Clinical and legal concepts
Before discussing the relationship between personality disorder and offending, it is important to try to make sense of a conf using terminology. ‘Psychopathic disorder’ is a term that has come to be used in at least two quite separate ways. As a clinical term it is the rather outdated equivalent for what we would today call ‘antisocial personality disorder’. However, the term has also acquired a pejorative connotation, particularly when a patient is identified as “a psychopath” or as “psychopathic”. The impli cations are that the patient is u ntreatable, has no proper place in a hospital and is disliked by clinical staff. It is of ten employed in order to reject patients for treatment and for this purpose may be deliberately applied to patients with other psychiatric disorders such as schizophrenia or hypo-mania (Coid, 1988). For all these reasons it is best to avoid ‘psychopathic disorder’ as a clinical term.
The term will not, however, disappear, because it is part of English law. Psychopathic disorder is one of the four categories of mental disorder in the Mental Health Act 1983 for which compulsory admission may be appropriate (see Chapter 10). Forensic psychiatrists are divided in their views as to whether or not psychopathic disorder should remain in mental health legislation (Cope, 1993). I n Scotland, although the words ‘psycho pathic disorder’ do not appear in its legislation, a phrase almost identical to the English definition does. Legally, psychopathic disorder is:
“a persistent disorder or disability of mind (whether or not including significant impairment of intelligence) which results in abnormally aggressive or seriously irresponsible conduct on the part of the person concerned.” (Section 1(2), Mental Health Act 1983)
The Butler report (Home Office & Department of Health and Social Security, 1975) provides a usef ul historical account of the concept of ‘psychopathic disorder’. The ‘psychopath’ and his ancestor in legislation, the ‘moral imbecile’, represent one aspect of the way the law has tried to exercise control over unacceptable behaviour. In its legal use the term has no specific clinical meaning. It does not mean a unitary condition, but is a generic term which might apply to any disorder (provided it is persistent) which results i n antisocial conduct. When using the legal term ‘psycho pathic disorder’, the psychiatrist should specify the nature of the clinical disorder present.
In practice, it is preferable to avoid using the term except in its legal context. However, even that dictum would not end the conf usion because of the equally inadequate diagnostic basis of the alternative, ‘antisocial personality disorder’. Dolan & Coid (1993) have reviewed the varied diagnostic approaches to antisocial personality disorder and their particular shortcomings in forensic practice. Offenders with personality disorders rarely seem to f it neatly i nto a single type of personality disorder, be it antisocial, schizoid, paranoid or any other. Coid (1992) found a mean of over three categories of personality disorder per patient in a sample of special hospital patients detained i n the legal category ‘psychopathic disorder’. Rather than stretching an ill-f itting category of personality disorder, it is preferable to describe the particular manifestations of disordered personality seen in the patient.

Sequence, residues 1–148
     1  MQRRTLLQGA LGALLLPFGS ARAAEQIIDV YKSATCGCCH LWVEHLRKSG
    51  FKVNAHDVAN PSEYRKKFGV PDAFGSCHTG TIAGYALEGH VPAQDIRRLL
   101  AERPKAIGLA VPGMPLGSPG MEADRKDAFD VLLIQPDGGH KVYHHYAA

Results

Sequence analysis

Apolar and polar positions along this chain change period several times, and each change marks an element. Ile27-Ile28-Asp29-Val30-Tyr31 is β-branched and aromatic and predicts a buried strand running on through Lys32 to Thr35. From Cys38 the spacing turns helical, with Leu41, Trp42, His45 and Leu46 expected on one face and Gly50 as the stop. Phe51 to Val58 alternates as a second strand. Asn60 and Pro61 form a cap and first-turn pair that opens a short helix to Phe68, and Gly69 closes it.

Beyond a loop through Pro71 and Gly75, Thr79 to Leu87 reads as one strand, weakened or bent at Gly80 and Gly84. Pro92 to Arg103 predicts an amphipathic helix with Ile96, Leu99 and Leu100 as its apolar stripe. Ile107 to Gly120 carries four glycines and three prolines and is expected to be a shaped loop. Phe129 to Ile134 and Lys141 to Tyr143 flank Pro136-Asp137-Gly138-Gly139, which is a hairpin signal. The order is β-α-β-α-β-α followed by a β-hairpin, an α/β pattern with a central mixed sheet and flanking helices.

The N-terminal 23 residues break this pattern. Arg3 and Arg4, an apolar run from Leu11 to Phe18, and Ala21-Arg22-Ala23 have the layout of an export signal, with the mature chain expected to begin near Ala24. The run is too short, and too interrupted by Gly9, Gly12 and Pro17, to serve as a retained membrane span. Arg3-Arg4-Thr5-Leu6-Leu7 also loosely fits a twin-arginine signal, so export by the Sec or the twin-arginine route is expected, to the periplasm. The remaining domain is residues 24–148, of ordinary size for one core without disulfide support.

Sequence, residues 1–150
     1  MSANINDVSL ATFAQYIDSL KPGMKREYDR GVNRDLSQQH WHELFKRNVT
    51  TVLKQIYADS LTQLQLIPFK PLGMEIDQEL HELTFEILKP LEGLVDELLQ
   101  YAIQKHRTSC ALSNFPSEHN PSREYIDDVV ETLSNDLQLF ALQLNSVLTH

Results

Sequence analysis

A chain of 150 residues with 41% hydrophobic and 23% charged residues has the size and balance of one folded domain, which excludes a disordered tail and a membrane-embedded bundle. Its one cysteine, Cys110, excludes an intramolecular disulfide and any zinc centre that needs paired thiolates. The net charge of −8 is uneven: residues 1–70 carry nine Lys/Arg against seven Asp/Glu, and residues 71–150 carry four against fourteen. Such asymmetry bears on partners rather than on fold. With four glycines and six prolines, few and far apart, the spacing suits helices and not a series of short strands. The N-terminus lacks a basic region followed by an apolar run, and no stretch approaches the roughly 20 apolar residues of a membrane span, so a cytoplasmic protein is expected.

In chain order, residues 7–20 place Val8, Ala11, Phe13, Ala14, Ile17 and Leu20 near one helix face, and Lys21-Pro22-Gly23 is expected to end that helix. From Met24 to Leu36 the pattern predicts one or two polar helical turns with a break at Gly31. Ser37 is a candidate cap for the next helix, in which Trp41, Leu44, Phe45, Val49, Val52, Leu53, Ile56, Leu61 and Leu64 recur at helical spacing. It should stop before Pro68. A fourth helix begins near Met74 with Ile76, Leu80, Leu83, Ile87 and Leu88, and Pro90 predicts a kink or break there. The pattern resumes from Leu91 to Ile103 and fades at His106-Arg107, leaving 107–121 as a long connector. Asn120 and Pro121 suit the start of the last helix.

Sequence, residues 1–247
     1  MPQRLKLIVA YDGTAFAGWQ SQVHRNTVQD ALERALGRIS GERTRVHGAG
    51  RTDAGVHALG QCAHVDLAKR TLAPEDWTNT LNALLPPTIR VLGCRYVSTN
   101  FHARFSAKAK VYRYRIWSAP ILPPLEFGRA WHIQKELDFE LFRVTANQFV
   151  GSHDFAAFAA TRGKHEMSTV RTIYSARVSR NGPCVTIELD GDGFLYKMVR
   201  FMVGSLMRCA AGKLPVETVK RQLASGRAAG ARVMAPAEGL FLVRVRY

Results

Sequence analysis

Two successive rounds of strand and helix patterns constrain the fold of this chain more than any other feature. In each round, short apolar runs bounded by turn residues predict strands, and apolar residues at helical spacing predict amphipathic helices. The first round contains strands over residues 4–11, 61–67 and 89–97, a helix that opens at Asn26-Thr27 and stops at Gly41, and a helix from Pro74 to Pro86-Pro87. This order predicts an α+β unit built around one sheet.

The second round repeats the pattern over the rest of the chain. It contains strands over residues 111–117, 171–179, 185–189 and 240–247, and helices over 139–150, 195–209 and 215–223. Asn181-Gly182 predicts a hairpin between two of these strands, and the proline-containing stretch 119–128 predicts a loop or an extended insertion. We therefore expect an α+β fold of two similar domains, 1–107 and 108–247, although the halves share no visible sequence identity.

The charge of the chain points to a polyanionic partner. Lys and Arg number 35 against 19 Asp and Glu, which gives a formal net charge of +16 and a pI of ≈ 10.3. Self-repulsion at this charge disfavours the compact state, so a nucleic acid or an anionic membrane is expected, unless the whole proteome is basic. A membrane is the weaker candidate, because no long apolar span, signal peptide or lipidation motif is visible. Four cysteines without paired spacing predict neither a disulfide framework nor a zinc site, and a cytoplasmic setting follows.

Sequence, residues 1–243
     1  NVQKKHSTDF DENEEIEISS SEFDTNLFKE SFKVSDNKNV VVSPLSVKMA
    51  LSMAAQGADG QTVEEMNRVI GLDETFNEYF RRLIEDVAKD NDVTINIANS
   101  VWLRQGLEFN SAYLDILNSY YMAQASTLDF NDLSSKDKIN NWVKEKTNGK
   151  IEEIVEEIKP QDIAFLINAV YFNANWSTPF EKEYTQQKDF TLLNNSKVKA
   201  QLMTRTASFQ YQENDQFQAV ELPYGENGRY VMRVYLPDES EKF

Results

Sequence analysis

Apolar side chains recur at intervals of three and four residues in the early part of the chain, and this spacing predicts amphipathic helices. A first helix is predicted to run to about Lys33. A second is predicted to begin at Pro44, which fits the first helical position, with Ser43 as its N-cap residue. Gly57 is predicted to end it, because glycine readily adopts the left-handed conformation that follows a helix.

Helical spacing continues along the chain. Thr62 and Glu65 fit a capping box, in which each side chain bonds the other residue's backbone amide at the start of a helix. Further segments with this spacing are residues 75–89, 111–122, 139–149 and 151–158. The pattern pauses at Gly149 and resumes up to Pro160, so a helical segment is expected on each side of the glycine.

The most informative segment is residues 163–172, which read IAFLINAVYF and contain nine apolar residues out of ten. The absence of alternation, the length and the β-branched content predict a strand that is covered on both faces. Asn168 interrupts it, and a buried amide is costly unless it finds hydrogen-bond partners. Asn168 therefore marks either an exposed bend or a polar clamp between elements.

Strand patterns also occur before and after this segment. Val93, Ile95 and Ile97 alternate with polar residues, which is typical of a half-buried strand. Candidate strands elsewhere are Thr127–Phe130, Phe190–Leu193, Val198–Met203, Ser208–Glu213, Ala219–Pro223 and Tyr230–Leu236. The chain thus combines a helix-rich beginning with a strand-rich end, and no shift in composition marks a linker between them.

Personality disorder and offending
In the account that follows we will review the most prominent and broadest constellations of abnormal personality traits, and consider the types of offending behaviou r that commonly follow. These are identified for descrip tive purposes as “immaturity”, “inadequacy”, “hostility and aggression” and “abnormal sexuality”. These are not used as scientific terms, bu t simply to describe the behavioural traits most commonly encountered.
By the term ‘immature’ we refer to the persistence of attitudes and behaviour associated with you nger age, particularly egocentricity, emotional !ability, lack of foresight, impulsivity and the need for instant reward or gratif ication; all are features more characteristic of a child than an adult. Such charact eristics can bring individuals into conflict with various social agencies because of their self-serving, predatory or exploitative consequences. Resulting offences are usually minor bu t may be more serious: robbery; rape without particular sexual or aggressive psychopathology; arson for revenge or to disguise offending; and violence as an impulsive or ill considered solution to conflict. Alcohol is often a disinhibiting f actor. Adolescent or you ng adult males frequently show excitement-seeking and self-interested behaviour, but with age it usually declines. However, it may be found to persist, often well into middle-age, i n those who follow a habitually criminal lifestyle. A common sequence is for overt offending to cease in the early 20s, the consequences of immature traits then transferring from the macrosocial sphere of the community to the microsocial sphere of the family, with all the long-term consequences for partners and children.